Like I’ve said before, one nice thing about being aboard the JR is being surrounded by many scientists for two months. What is hoped is that dialogue will stimulate thought and inquisitiveness.
I have been working on a presentation to give at a workshop in about a month’s time and came across a publication by John Platt published in Science in 1964. The reference is: J.R. Platt. 1964. Strong Inference. Science, v 146, No. 3642: 347-353. I highly recommend it. In it Platt talks about how some scientific disciplines advance more rapidly than others, his reason for this discrepancy is that in some disciplines, scientists follow a set of rules, the scientific method (which we all know, but sometimes forget), by setting up testable hypotheses and going out and testing them, if the test fails the hypothesis, so be it – reject the hypothesis.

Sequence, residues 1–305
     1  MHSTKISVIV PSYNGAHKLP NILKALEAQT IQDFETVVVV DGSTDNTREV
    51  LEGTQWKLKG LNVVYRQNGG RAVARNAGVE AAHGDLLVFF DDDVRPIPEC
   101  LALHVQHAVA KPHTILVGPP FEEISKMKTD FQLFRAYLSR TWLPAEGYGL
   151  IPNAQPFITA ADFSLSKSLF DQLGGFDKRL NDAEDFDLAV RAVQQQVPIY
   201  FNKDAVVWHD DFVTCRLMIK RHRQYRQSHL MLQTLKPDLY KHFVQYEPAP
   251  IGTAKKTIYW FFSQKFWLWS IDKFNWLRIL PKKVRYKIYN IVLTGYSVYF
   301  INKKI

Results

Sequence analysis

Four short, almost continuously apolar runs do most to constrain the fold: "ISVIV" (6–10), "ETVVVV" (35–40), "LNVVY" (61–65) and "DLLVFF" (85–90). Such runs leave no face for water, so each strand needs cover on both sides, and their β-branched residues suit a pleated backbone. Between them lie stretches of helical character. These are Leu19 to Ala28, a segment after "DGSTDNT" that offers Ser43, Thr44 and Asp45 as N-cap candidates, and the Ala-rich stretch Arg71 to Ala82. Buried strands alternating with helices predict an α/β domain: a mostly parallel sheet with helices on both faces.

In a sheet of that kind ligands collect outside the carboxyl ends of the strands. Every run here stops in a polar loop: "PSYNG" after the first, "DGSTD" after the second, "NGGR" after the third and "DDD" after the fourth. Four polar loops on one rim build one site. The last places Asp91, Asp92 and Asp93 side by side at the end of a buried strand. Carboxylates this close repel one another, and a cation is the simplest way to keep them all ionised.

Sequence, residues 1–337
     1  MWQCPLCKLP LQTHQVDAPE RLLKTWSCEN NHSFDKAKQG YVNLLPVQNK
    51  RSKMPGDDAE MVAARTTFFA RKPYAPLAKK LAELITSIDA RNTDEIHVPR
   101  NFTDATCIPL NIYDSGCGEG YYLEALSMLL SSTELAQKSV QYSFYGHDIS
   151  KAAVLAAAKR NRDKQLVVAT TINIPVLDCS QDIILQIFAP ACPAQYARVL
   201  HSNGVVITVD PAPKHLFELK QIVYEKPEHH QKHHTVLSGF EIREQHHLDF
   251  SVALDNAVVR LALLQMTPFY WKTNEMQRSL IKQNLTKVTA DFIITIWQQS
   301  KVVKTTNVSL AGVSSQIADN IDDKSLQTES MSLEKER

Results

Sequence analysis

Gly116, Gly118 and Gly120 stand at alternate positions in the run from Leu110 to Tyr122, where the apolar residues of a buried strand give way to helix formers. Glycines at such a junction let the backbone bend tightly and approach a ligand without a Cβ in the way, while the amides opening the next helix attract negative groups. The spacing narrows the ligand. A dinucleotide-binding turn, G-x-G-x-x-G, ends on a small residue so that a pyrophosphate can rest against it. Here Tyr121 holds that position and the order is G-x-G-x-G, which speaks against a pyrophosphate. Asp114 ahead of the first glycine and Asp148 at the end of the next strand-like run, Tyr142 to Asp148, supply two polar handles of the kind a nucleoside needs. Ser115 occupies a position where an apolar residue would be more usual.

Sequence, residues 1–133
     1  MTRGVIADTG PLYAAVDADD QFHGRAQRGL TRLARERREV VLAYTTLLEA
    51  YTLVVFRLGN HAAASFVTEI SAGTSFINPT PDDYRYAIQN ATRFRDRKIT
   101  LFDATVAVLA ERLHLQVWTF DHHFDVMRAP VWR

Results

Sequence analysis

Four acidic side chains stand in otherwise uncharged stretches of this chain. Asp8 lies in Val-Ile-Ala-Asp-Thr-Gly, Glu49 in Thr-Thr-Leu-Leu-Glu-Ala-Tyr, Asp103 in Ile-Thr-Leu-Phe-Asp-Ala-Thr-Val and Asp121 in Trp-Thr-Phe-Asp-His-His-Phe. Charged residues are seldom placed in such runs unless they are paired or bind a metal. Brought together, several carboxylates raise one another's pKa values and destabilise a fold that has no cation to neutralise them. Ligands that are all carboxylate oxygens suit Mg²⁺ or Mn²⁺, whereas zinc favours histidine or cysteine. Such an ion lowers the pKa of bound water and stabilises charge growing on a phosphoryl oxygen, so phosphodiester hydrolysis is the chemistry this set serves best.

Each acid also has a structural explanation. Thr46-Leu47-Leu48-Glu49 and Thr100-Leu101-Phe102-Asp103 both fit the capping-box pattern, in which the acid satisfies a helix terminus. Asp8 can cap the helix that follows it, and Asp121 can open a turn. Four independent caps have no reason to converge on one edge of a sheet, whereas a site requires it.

Sounds easy enough. But in the heat of things, we forget these simple rules. With the pressure of our institutions and funding agencies enforcing a publish or perish mentality, it’s sometimes difficult, because to produce a high quality piece of scientific work it takes time, and time is a luxury for many of us. Hopefully, at least for these two months, our institutions and funding agencies have granted us a bit of time that we can reflect on our work, talk about our work, and come up with some exciting new directions while on the path of discovery, which is our scientific lives.